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What is the one blue dot toolkit?

The ‘One Blue Dot (OBD) Environmentally Sustainable Diets Toolkit is a document primarily created for Dietitians to help them understand the nexus around food choice and human and planetary health.

OBD represents the fact that planet Earth is our home. It is the only one we have and, ultimately, taking care of it lies squarely with each of us.

Although planetary diets are recognised as a global problem this document leans towards the UK food system and food guidelines. It touches upon food ethics; this is not it’s core focus.

Typically clinicians have a knowledge gap on how environmental and agricultural sciences are connected to food so this document helps to bring all these areas together.

It is a ‘live’ toolkit and continually adapts with the latest scientific research.

OBD attempts to answer questions such as;

How much red meat should we eat to maintain good health whilst keeping in line with UK greenhouse gas emission targets?

What is the optimum amount/type of fish we need to eat for health whilst preserving minimising environmental impact on fish stocks or from fish farms?

OBD has a useful ‘meal swap’ tool to help users identify ways to make everyday choices more healthy and sustainable e.g modifying traditional spaghetti bolognaise to be made up of half meat, half lentil sauce and a smaller portion of pasta to allow for a serving of salad. Here is a summary of OBD’s top tips:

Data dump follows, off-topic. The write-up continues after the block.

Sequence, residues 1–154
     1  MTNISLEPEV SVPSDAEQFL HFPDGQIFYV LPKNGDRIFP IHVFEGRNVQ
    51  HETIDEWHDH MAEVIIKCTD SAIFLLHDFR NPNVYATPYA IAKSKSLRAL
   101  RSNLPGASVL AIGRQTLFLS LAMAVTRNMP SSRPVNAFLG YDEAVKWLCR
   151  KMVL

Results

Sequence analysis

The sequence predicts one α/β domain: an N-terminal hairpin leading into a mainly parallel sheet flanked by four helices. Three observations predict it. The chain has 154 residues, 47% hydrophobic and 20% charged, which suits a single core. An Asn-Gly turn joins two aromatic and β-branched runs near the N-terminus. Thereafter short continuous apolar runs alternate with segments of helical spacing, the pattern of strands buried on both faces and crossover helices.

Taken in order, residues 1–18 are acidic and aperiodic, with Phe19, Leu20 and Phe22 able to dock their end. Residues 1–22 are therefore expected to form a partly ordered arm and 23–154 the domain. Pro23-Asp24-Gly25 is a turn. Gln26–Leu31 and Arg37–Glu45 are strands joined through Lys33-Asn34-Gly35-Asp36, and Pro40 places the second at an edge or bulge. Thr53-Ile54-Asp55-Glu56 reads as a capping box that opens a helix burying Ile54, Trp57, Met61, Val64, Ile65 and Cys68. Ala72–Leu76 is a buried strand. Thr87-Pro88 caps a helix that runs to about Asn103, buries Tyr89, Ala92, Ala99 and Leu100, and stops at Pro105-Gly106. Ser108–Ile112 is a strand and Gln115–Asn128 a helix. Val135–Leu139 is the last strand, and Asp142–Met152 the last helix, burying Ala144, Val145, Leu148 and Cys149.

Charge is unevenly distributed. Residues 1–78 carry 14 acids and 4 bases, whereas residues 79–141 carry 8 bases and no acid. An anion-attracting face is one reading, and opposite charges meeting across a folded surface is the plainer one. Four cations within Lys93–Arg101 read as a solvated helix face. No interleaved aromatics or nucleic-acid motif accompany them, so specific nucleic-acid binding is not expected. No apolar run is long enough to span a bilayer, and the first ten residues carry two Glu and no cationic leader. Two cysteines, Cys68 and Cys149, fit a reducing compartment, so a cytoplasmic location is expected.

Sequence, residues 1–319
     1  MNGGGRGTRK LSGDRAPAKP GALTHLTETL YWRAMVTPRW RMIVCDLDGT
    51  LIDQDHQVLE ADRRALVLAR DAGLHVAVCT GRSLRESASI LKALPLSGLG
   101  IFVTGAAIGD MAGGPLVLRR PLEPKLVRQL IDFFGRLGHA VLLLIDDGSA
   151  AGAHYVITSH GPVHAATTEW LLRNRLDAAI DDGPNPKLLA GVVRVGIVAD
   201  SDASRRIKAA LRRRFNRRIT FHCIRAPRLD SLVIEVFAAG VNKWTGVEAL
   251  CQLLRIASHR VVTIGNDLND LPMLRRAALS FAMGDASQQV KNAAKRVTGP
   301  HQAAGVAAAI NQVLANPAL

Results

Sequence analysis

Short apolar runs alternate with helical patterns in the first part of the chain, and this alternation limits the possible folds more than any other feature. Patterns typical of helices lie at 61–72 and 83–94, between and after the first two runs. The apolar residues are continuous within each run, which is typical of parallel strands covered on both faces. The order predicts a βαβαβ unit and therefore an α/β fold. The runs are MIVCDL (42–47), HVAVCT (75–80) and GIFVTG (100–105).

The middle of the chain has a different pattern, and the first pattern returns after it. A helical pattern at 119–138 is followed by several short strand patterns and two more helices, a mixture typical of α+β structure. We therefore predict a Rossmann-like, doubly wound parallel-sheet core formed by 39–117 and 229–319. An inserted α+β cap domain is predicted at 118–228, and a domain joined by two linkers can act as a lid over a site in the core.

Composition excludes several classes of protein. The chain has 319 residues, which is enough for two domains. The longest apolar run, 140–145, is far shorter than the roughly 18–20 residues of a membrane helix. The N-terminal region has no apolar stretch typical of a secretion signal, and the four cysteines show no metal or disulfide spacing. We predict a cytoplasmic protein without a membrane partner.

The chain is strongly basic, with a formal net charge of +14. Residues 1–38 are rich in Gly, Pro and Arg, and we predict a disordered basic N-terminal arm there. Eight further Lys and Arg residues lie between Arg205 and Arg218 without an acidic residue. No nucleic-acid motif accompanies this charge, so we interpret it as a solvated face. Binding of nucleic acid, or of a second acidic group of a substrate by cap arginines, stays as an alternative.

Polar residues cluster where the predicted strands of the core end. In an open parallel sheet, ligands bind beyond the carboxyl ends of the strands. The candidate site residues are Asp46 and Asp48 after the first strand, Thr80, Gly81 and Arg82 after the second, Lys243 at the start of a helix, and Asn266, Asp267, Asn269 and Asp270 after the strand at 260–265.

• Watch how much meat you eat, especially beef red meat and lamb
  • Try and have some meat free days.
  • Keep your portions small – no more than 70g (100g cooked weight).
  • Have more plant food sources of protein such as beans, lentils, soya mince, Quorn™, nuts and seeds.
  • Try replacing half or all the meat in classic recipes with some plant protein foods.
  • Moderate your dairy intake
  • Choose lower fat versions or fortified plant based varieties.
  • Fruit + Veg, Aim for your 5-a-day but keep it sustainable.
  • Choose local and seasonal produce.
  • Avoid fruit and veg that have been flown in.
  • Avoid chopped/prepared and packaged fresh fruit and veg/salads.
  • Have some potatoes, bread, pasta, rice and other starchy carbohydrate foods.
  • Eat wholegrains and tubers such as potatoes whenever possible
  • Buy fish from sustainable sources
  • Look for the Marine Stewardship Council or Aquaculture Stewardship Council symbols.
  • Aim for x2 portions /week, one of which is oily
  • Tips to waste less.
  • Buy tinned or frozen fruit and vegetables if you tend to throw away a lot when you buy fresh.
  • Plan your meals ahead and only buy what you need.
  • If food is nearing its use by date, cook it and freeze.
  • Any waste should be recycled – it makes for great compost.
  • Cook leftovers.
  • Reference
Louise Symington

Louise is Registered Dietitian with a Masters in Food Sustainability. She has worked for the NHS as well as charities such as the National Trust. She now runs workplace wellness projects, food growing projects and her own freelance consultancy.

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